On the inside, a lot of the standard features are still the same. The TTS Coupe comes with infotainment features like the 9-speaker sound system, Audi virtual cockpit, MMI touch, two SDXC card slots, USB and auxiliary ports, Audi phone box, and the HomeLink system. The standard safety and driver assistance features are also pretty much the same set-up as what you will find on the TT Coupe and TT Roadster.
Interior design elements include a few changes. For example, the leather and Alcantara seats get contrast diamond stitching and S embossing. Also, the steering wheel dons the S badging. There are gorgeous matte brushed aluminum inlays, anthracite interior elements (such as the inner vent rings, center console trim, and the sides of the seats), 12-way power-adjustable front S sport seats with pneumatic side bolsters and 4-way power lumbar support, aluminum door sill inlays with the TTS logo, an interior storage packet (which comes with a luggage net, a 12-volt power outlet in the cargo area, and a storage tray beneath the driver's seat), power windows with one-touch up/down and power retention, and a mat for the trunk.
There are some changes that were made to the TTS Coupe's exterior that help to differentiate it from the TT Coupe. The TTS Coupe has 19-inch 5-spoke blade design wheels with sticky summer tires equipped. You will also find that there is a platinum singleframe grille, front and rear TTS bumpers, special TTS side sills, a TTS rear diffuser, aluminum optic exterior side mirror housings, and S model quad exhaust outlets. Aside from that, most of the other exterior features do appear to be the same. Still, the TTS branding lets everyone know exactly which vehicle you are driving and gives the vehicle a bit sportier of an appearance.
Compare the 2020 Audi TTS Coupe vs TT RS Trims. What is the difference?
The most expensive of the four TT variants is the TT RS. This style variant costs about $20,000 more than the TT Coupe, which is an absolutely mind-blowing price difference, right? Well, there are some things that are different about the TT RS. But is it really worth the extra $20k?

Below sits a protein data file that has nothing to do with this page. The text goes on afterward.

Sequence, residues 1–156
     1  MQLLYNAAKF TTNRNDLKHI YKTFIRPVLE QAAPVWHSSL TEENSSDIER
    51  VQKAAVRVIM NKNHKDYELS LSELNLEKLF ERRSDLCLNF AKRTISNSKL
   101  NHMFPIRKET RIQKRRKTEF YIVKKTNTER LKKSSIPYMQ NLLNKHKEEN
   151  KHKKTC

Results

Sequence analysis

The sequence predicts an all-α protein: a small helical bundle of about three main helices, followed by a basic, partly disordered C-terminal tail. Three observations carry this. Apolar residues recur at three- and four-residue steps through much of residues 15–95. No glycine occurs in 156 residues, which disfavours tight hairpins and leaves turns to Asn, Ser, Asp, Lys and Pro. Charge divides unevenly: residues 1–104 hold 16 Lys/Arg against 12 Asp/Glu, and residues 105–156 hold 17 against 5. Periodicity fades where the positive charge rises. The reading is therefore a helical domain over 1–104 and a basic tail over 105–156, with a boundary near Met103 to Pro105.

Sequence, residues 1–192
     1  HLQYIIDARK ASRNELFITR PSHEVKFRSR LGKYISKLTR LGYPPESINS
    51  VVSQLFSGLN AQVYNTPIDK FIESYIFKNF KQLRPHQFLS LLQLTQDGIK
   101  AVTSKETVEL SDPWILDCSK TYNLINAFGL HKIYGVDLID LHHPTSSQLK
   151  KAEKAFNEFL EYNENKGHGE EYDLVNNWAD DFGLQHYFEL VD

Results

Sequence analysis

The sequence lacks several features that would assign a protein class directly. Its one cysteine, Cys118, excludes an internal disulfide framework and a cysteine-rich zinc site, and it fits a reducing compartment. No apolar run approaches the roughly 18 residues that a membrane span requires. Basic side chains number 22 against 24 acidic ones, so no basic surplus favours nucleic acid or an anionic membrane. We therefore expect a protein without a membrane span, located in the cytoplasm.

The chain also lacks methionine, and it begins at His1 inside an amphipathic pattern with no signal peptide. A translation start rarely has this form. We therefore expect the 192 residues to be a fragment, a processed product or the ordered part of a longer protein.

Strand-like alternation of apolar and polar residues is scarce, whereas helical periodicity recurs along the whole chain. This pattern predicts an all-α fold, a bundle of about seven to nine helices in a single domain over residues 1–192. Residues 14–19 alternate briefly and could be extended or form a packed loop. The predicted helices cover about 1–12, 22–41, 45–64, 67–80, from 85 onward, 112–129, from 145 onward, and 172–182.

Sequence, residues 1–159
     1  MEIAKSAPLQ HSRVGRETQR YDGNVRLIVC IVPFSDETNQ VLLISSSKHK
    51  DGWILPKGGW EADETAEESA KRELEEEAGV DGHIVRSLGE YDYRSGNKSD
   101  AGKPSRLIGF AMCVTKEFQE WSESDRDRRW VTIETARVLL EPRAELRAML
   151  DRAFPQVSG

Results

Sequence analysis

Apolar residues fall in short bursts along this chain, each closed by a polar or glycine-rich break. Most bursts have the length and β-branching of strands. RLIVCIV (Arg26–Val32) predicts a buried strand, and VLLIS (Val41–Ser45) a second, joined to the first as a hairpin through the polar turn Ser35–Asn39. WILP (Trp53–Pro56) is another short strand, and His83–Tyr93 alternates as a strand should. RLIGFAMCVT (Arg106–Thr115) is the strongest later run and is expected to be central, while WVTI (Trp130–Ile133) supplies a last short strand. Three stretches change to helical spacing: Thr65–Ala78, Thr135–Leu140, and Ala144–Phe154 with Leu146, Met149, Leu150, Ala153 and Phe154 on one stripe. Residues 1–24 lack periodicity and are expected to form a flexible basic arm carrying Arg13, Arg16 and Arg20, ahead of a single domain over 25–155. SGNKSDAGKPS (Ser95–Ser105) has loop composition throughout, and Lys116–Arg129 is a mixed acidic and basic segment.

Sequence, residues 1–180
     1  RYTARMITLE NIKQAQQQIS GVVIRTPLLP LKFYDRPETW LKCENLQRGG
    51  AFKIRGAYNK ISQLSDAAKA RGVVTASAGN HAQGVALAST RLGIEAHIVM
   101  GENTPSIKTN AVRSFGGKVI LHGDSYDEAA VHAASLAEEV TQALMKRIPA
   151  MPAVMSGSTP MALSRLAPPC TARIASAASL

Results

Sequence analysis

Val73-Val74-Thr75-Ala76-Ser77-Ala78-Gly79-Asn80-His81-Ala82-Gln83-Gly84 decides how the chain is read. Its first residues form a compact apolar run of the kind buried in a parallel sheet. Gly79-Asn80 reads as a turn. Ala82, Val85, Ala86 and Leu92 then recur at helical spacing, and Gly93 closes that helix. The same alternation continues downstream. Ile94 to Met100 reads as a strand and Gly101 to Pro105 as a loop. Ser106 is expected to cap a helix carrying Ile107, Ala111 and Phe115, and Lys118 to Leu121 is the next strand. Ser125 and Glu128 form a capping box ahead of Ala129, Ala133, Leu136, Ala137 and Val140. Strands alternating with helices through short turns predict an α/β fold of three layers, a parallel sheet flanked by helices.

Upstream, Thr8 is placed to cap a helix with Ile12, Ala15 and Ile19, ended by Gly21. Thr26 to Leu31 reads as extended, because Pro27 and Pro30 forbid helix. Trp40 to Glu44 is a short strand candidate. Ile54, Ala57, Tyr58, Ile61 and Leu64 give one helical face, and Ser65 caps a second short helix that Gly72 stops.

First things first. The power difference is huge. The TT RS is powered by a 2.5-L turbo 5-cylinder engine that is paired up with the 7-speed dual-clutch and quatrro all-wheel drive. This beast of a powertrain gets the TT RS a massive 394 hp and 354 lb-ft of torque. Yeah, that is a pretty big leap. Getting from 0 to 60 mph takes just 3.6 seconds, which is really impressive. The engine block and cylinder head are both done in aluminum-alloy, and the body is crafted from fully galvanized steel (for the unibody) and aluminum (on the front subframe and hood). This gives the TT RS a lightweight, aerodynamic design necessary for functioning as a speedster. Also, the front and rear suspension are both magnetic ride, and there is an option for the RS fixed sport suspension. EPA estimates sit at 23 mpg combined, with 20 mpg in the city and 28 mpg on the highway.
The TT RS gets some interesting upgrades to its infotainment system, starting with the addition of Sport mode to the Audi virtual cockpit. You also get fine Nappa leather seats with RS embossing and honeycomb stitching. Up front has S sport seats. The steering wheel gets slapped with the RS badging, and two satellite buttons are mounted onto the steering wheel. The power windows have pinch protection, and there are aluminum race inlays. The aluminum door sill inlays also get the RS badging.
The exterior gets a few noteworthy upgrades as well. These changes include a singleframe grille with quattro script and a honeycomb pattern, 19-inch 5-arm polygon design matte titanium wheels, and a fixed rear wing spoiler. The TT RS also has a model-specific front fascia, rear diffuser, rear bumper, and side sills. There is also a matte aluminum-optic exterior styling package that includes a front blade, a singleframe grille surround, a rear diffuser, and side mirror housings. The oval exhaust tips are RS model-specific as well.
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Which Trim to Choose?
Audi's line-up of the four TT models is nothing short of impressive. These vehicles might be small, but they sure are mighty. While you cannot expect much in the way of rear seat or cargo space, that probably is not why you are looking into buying one of these sharp little speedsters. Chances are, you want something that has a lot of pep in its step. You probably want to be able to press your foot down on the gas pedal and really take off. And you can definitely do that in any of these four style variants.
So, which one do we think has the best overall value for the buyer? It is absolutely a tough call, but we are going to tell you to either go big or go home here. The 2020 Audi TT RS is as fun as they come and totally worth the extra $20,000. We are betting that those considering the TT are already willing to pay good money for a great vehicle. So, if that is the case, give the TT RS a shot. It has an insane amount of power under its little hood, and the unique RS styling just looks downright cool.